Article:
Living for the first time

I’ve had a bit over a week to reflect on my time in Daytona Beach and I’ve come to one major conclusion: I needed this more than I realized.

In preparation for a week long camp with 86 high schoolers (actually 5500 high schoolers nationwide) I thought of all the things I was worried about. I felt nervous to have to share a space with teenagers. I was concerned how I would handle the lack of sleep. I had literally no interest in an 18 hour bus ride EACH WAY…

I made a list and gathered all my required snacks, packed my GoPro ready to capture all the amazing moments and got my mind ready for hearts to shift.

I soon came to see that my life was also going to change.

The first night was full of worship and a moving message from Loui Giglio. We quickly found our way out of our seats and onto the floor, jumping up and down, singing at the top of our lungs. Our eyes began to swell and tears started pouring down. I took a moment to look around, to breathe in the atmosphere. I saw a room full of teenagers who were falling deeply in love with Jesus. I felt a sense of overwhelming gratitude that God had put me in this place, honored me with this responsibility. As the evening ended, all my lack of sleep was overcome by excitement and joy.

I promptly awoke at 6am without an alarm set. In that moment, I wanted so badly to go back to sleep. I hadn’t slept but five hours and I was coming off of a painfully long bus ride. Little did I know that I had been awakened for a specific reason. I found my way quietly out of the room, down the elevator and onto the beach. I watched the sunrise over the Atlantic Ocean and began to cry. In the silence of the morning, I was surrounded by students journaling and praying. There were groups of teenagers without their leaders or adults, who woke up early to praise God and pray over each other. Students gathered with bibles and journals and sat alone, feet in the sand, and just existed in His presence. I imagine that everyone on that beach shared the same emotions I was feeling; indebtedness, awe, delight. I found myself full of expectation for our future, hope for a generation many say are too entitled, selfish, unfocused, lazy etc.

And then came the evening session…. our group had found seats three rows back from the stage. The energy was electric, on fire, lit… all the words you can imagine to describe a volcano about to explode, a rocket about to lift off. The music was blaring, 5500 students were belting out all the emotion and heart ache and praise they could muster. Lights were flashing, we all were jumping up and down, hands raised, completely undone, no restraints, unaware of potential judgements, fully immersed in the moment.

And I looked up. I paused for a minute to breathe it all in and I realized that I was there just as much for myself as I was for my students. I was experiencing life change, freedom, bliss, youth. I wasn’t getting back something I lost. I wasn’t reliving something from my younger years.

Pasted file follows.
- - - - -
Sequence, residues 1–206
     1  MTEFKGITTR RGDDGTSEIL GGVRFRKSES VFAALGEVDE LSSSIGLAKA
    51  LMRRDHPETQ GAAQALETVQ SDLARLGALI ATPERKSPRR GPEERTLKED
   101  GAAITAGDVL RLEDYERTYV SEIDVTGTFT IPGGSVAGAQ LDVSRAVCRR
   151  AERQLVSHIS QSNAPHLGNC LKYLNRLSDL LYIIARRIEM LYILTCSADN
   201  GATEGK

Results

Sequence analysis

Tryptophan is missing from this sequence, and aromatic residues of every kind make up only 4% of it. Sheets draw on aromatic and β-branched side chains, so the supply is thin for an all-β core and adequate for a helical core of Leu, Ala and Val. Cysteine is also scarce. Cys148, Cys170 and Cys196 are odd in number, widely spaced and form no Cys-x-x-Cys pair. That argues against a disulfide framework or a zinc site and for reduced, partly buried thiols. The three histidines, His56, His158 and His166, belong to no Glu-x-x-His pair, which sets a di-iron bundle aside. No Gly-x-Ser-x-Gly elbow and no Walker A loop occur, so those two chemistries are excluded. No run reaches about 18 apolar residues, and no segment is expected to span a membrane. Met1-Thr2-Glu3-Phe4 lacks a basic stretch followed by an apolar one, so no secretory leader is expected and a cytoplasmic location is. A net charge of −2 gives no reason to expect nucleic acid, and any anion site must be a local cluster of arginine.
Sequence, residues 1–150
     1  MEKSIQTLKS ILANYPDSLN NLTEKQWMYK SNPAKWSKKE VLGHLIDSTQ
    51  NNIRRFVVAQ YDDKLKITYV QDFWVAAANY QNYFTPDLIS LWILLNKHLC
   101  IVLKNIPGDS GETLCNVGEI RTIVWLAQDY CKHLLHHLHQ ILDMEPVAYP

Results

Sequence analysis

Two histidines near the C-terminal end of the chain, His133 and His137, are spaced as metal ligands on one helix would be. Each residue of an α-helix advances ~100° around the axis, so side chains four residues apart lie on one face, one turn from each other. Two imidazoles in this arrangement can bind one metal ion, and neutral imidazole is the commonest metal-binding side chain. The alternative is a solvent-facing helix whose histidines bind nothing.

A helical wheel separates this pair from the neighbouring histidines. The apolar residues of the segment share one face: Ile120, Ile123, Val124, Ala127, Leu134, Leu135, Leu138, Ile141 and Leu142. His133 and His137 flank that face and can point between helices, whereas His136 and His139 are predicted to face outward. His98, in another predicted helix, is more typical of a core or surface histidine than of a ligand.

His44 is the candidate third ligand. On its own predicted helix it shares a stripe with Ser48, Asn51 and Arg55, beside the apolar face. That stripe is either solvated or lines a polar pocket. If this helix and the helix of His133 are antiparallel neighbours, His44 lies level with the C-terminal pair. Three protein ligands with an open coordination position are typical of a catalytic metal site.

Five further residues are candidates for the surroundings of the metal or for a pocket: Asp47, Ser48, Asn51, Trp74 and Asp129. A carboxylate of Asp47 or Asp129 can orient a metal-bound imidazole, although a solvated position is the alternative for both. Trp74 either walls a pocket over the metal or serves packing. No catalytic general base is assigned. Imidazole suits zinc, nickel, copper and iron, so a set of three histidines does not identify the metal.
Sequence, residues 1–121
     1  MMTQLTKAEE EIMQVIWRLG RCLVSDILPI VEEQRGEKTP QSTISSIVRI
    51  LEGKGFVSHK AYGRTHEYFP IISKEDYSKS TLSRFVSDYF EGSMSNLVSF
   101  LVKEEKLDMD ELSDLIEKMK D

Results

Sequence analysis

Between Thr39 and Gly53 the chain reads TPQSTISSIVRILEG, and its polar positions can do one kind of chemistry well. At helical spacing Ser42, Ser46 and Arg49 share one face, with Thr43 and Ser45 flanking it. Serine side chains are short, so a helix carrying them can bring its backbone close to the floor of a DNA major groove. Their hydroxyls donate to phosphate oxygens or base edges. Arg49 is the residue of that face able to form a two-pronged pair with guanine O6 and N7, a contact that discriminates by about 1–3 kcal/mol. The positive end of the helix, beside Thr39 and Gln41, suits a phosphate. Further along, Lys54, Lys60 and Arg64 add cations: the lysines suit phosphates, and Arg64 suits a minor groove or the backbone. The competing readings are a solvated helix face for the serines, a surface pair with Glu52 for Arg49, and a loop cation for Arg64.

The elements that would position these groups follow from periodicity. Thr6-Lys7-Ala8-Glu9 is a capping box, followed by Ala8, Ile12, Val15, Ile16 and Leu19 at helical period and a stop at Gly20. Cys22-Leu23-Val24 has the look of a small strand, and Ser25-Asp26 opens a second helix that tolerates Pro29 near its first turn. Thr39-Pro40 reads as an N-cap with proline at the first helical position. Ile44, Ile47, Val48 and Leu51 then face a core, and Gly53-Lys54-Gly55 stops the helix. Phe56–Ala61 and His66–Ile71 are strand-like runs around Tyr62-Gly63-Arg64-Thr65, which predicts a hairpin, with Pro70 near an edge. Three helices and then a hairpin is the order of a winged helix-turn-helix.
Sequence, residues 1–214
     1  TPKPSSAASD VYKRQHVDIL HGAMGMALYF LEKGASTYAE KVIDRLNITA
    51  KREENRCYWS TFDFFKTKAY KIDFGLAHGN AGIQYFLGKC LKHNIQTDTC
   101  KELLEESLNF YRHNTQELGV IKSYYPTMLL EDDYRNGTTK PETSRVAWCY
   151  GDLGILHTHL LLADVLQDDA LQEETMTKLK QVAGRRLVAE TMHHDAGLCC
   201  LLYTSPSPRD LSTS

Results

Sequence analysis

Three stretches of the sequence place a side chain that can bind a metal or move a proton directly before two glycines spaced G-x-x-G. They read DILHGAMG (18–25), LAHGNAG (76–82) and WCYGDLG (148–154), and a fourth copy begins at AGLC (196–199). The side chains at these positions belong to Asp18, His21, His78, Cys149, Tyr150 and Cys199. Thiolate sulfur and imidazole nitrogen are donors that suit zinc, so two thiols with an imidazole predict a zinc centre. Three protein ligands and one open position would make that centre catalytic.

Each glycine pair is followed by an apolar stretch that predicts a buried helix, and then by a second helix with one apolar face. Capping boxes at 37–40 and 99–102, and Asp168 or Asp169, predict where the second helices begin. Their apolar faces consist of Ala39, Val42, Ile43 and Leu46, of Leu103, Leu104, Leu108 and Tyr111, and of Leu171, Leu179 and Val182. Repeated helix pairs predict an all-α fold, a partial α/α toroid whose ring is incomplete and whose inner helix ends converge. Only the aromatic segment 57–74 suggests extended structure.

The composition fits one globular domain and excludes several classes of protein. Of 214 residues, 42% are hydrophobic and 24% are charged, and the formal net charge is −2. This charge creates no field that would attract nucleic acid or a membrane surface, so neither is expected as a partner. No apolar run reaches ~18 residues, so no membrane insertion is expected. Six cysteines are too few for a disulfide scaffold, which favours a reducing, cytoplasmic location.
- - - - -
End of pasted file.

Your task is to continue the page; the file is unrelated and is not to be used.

I WAS LIVING THIS WAY FOR THE FIRST TIME.

This moment, the laughter, the abandonment, the friendships were all things I had never experienced, not in this way. I was enjoying parts of life and myself that I thought were long gone missed opportunities.

Everyone has them, things they didn’t get growing up. Maybe your parents got a divorce or they traveled too much. Possibly a father who was overly harsh or a mother who critiques everything. A school mate who bullied you or a horribly embarrassing, unforgettable moment that scarred you for life. All situations that can make a person question themselves or create marks on a soul.

Whatever it is, that thing can create a longing for resolution, a desire to feel complete, loved, valued. Some people work their whole life to prove worth to their parents. We enter into relationships hoping to heal some hurt from a past relationship. We can literally choose to live a past life forever.

I had long ago accepted that some of the missed emotions and experiences were just that: lost. I am an adult. If I feel like my parents didn’t love me enough, I wasn’t going to revert back to being five and somehow obtain that love. I have a child of my own and it’s my turn to be the parent. The freedom of my youth that I felt I was missing was never going to be mine. I had found freedom as an adult but I had forced myself to forget any longings from my childhood.

And then camp happened. And I saw the things I had never felt be given to me. Moments I didn’t know I could ever have were mine, and not just hints of them BUT COMPLETE FULLNESS! I was a 38 year old child, experiencing the freedom of youth and it was so sweet. And in the following days, that healing grew greater, the insecurity and old messages became faint and my load became lighter.

I don’t think I will ever love the long bus ride but man, I can’t wait for next year!

Georgia

Tomorrow morning I am ending a five day trip to my hometown of Georgia. I came home to surprise my younger sister for her graduation party. It just so happened to be my nephews birthday so I got to also celebrate him. I moved away when I was 18 (20 years ago). It was actually more like I ran away as fast as I could and never looked back.